Judaism and Mental Illness

bridge

(Photo credit: uberculture)

Rabbi Nachman of Bratzlav said, “All the world is a very narrow bridge. The important thing is not to be afraid.”

One in four adults in the US experience a diagnosable mental illness.

One in four families in the US has at least one member with mental illness.

For these and more facts about the prevalence of mental illness in the US, the Centers for Disease Control published a report on mental illness back in 2011. A “one-foot” summary: Mental illness is more common than we’d like to admit, and it affects all of our lives directly or indirectly.

What does Judaism teach about mental illness?

Mental illness has always been with us. King Saul suffered from it, back in the 10th century BCE (1 Samuel 16).  David faked madness to make an escape (1 Samuel 21), which suggests that his enemies were so familiar with it that his behavior was easy for them to (mis)interpret.

Mental illness is a serious matter. It can interfere with one’s ability to function in life. It can affect one’s ability to be a witness. It severely disrupts relationships. Jewish law has things to say about how mental illness affects marriage and divorce. (For details, contact your rabbi.)

Mental illness is an illness like any other. In the traditional prayer for healing, we pray for refuat hanefesh, v’refuat haguf, healing of spirit and healing of body. This also points to the many connections between the mind and body both in health and in illness. Therefore the sick person should seek medical care, and those close to her should help her do so. Like any other illness, it is not a punishment from God, a sign that the person did anything to “deserve it” or a sign of degeneracy.

All human beings, sick or well, deserve to be treated with respect. Judaism teaches that human beings were created b’tzelem Elohim, in the image of God. It is the common element in all humanity, and it points to a higher element in us all, as well. Therefore we should treat every human being with consideration and respect, for every human being, sick or well, is of infinite worth.

Jewish Family & Childrens Agencies in many cities serve individuals and families facing mental illness and other challenges. To locate the JFCS near you, check out their Find a Service page.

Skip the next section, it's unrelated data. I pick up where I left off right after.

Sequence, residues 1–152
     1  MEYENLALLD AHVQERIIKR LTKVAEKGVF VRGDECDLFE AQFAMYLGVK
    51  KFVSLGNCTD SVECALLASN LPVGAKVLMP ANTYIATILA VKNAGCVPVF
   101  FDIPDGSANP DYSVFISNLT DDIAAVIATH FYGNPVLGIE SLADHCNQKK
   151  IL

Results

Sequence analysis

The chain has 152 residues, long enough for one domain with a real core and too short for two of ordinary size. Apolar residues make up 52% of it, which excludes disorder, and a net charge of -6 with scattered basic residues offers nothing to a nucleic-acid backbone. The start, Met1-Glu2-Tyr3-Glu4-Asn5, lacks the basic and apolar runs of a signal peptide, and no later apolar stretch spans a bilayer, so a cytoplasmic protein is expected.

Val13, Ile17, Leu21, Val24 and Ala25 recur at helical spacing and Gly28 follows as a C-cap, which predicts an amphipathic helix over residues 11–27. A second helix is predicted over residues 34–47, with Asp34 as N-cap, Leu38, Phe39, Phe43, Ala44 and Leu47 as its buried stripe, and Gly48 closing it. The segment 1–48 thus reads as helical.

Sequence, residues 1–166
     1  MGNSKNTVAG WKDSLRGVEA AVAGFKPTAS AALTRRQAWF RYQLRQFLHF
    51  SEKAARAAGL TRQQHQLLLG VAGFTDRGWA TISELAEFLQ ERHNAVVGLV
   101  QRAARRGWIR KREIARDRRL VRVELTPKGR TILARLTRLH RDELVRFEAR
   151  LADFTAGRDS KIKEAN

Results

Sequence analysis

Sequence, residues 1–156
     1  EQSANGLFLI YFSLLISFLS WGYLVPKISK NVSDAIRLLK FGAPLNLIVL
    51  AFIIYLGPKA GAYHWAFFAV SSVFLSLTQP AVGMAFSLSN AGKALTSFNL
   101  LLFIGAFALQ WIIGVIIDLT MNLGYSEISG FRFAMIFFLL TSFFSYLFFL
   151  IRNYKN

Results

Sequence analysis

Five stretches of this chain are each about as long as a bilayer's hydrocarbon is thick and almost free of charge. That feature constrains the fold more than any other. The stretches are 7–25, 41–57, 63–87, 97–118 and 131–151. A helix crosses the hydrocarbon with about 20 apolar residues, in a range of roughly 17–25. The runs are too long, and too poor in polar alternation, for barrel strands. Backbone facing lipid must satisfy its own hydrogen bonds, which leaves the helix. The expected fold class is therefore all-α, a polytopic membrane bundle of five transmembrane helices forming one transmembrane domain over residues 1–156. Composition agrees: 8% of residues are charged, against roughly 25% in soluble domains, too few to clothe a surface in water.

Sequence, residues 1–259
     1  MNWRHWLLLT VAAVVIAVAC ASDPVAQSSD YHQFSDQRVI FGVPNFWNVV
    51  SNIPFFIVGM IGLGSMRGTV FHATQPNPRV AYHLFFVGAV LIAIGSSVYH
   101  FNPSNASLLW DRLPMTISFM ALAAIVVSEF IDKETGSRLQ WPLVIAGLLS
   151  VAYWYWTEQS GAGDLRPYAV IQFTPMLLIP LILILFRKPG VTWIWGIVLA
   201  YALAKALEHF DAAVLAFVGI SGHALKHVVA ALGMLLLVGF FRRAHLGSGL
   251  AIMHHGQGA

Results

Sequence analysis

I was about to post this, and then realized I’d left off the most important part: this is personal. This is about real people, namely, about me and people I love. If you think you don’t know anyone with mental illness, Surprise!  This is no longer academic. My label is “depression” although in the past I’ve also had the label “PTSD.” Someone I love dearly carries the label “bipolar disorder.” So far, we’re fighting the good fight. So you see? You know at least one person, a rabbi, with mental illness. You probably know more. 

5 Responses to Judaism and Mental Illness

  1. cardinalrobbins says:

    Thank you for this post, Rabbi. I was diagnosed with PTSD, Bipolar I, OCD and generalized anxiety disorder. Most people don’t realize their friend, spouse, co-worker, letter carrier, neighbor, etc, is struggling with mental illness. Although my psychiatrist prefers the term, “chemical imbalance of the brain,” it does constitute a mental illness and needs to be treated accordingly.

    I’m a Conservative Jew and have a question for you, related to this: Aren’t those of us who are ill basically required to take our medication by Jewish law?

    I take mine daily, because I want to be well and “high functioning” as my doctor says, but I know others who refuse to take their meds because they *enjoy* being mentally ill. They say it gives them more creativity, as well as using a plethora of other excuses not to help themselves be as healthy as possible.

    How can you continue to do mitzvot for others when you refuse to take care of yourself?

    Like this

  2. rabbiadar says:

    Shmirat Haguf, caring for the body, is a mitzvah, a sacred duty, for every Jew. Medication can be an important part of caring for ourselves.

    However, if the person feels that the medications are not working properly, or that the side-effects are interfering with a full life, then he or she has an obligation to talk with the doctor about adjustments or perhaps even to seek out a second opinion.Mental health is much more complex than a dot on a target.

    Also, I should have said in the main post that Judaism does not separate the body and spirit as sharply as does the Greek tradition: we see the human being as a whole. Medical science has borne out the truth of this approach. Caring for the body and caring for the soul are not separate and they are equally important.

    Thank you so much for writing, and for asking a GREAT question!

    Like this

  3. Thank you for this post and for your candidness rabbi. I’ve been trying to convince my mother for eleven years now that depression is at work (since my father’s death, and he left a note, so you can “do the math”) but she is from the school that doesn’t admit such a thing much less actually deal with it. It eventually landed her in the hospital over Labor Day weekend, thank God I followed my inclination and went to check on her, where I found her on the edge of a diabetic coma. Long story, but she is beginning to show signs of taking her health more seriously and my next step is to finally, hopefully , get her to go see someone to help her through the depression. It’s strange because she’s lived with it so long yet the vocabulary of it is very foreign to her.

    Sorry for rambling!

    Thanks again rabbi.

    Like this

  4. Lurkertype says:

    Rabbi, as always, you’ve said it so well. Having this blog up is your mitzvah.

    Like this

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